Sometimes, parents are not informed enough. You see this when little children are playing Call of Duty games. We specifically advise not raising your children this way. But that's on the parents. There should not be any organization that forces parents to choose a certain outcome in a decision. Kids are the responsibility of their parents. That's a fundamental piece of society. So the Federal Bureau Of Child Protection should not exist. (And it doesn't.)

"But Koopa!" you whine, "It's for the benefit of society that kids with bad parents be raised by someone else!" And then I say, "You're going off-topic, dude! This is about videogames!" And then you say, "Well, why not take this to its logical conclusion?"

If you're a bad parent and you know you're a bad parent, but you don't want to do anything about it, you're just a bad person. There are all sorts of resources available. Use them. Your life, and the life of your children, will be better. Videogames, and any other medium of entertainment, are not a substitute for good parenting. You're meant to work alongside them. Teachable moments and moral lessons are embedded within quality entertainment. Anyway, people don't want to be bad parents. There isn't incentive to be a bad parent. Treating your own flesh and blood like crap isn't beneficial to you. Your kid will just be annoying and your friends will think you're a terrible person.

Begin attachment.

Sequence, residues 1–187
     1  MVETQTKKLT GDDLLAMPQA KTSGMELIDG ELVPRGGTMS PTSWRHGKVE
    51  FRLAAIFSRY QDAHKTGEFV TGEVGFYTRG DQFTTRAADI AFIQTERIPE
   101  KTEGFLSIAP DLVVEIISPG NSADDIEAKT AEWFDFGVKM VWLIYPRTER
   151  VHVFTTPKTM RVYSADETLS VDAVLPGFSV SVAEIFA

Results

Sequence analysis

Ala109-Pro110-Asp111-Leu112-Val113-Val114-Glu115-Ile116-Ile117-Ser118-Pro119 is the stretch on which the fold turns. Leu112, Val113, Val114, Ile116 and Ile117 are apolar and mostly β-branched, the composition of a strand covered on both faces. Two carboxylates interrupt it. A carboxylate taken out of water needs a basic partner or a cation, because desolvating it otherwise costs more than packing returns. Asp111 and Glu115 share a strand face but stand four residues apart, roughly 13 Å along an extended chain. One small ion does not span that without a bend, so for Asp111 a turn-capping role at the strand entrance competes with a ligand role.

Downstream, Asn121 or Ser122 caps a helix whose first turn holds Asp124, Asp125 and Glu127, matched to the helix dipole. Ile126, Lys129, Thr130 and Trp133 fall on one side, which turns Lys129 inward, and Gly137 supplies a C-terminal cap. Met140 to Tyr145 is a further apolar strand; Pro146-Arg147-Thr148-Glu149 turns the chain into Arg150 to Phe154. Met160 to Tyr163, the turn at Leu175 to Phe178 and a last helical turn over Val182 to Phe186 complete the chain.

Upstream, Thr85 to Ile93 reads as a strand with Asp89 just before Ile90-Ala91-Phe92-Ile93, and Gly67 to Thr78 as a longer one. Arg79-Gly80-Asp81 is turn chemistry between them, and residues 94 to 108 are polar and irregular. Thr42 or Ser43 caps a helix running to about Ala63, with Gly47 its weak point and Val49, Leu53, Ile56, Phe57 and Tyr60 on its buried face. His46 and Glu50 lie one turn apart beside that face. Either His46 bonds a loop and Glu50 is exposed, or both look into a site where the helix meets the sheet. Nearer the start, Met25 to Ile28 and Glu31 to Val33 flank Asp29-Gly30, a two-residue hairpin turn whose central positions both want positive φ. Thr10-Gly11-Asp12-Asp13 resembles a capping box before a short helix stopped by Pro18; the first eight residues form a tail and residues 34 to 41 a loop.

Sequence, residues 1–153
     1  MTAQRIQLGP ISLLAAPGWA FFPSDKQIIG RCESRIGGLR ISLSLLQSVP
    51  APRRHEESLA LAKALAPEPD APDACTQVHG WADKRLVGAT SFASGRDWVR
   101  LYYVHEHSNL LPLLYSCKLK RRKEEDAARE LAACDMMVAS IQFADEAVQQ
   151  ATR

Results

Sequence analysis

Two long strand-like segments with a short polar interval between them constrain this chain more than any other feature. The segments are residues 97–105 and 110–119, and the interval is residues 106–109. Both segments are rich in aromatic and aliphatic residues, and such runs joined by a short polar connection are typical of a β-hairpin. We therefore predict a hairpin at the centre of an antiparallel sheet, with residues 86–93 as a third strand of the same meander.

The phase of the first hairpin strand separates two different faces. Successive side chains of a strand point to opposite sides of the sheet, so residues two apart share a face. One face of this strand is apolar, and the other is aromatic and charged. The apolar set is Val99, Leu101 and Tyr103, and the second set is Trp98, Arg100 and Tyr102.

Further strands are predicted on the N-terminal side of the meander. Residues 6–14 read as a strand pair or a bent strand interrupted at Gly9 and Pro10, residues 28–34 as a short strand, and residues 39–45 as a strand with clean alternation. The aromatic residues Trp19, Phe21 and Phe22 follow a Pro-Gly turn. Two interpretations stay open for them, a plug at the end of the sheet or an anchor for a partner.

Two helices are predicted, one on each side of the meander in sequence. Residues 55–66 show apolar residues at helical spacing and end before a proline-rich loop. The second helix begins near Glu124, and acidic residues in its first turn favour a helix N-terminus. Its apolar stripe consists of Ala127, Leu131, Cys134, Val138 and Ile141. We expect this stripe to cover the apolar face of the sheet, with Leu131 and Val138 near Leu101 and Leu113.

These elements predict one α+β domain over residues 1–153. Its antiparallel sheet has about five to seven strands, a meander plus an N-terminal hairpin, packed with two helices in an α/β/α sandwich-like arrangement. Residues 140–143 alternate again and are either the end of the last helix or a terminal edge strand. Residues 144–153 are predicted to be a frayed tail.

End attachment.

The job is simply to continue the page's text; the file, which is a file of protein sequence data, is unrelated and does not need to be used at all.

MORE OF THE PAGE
If you're using entertainment as a substitute for parenting, that will end up more expensive than if you used entertainment as a tool for parenting. With parental involvement, the value of the entertainment goes up, which means there is more longevity. It also means one piece of entertainment can suffice to entertain both you and the kid. Your child has fun and you get to bond with your kid at the same time. You can buy four games a year instead of ten and get the same total amount of value since you're enriching it for the kid. That helps your wallet. Not doing so hurts your wallet. Incentives.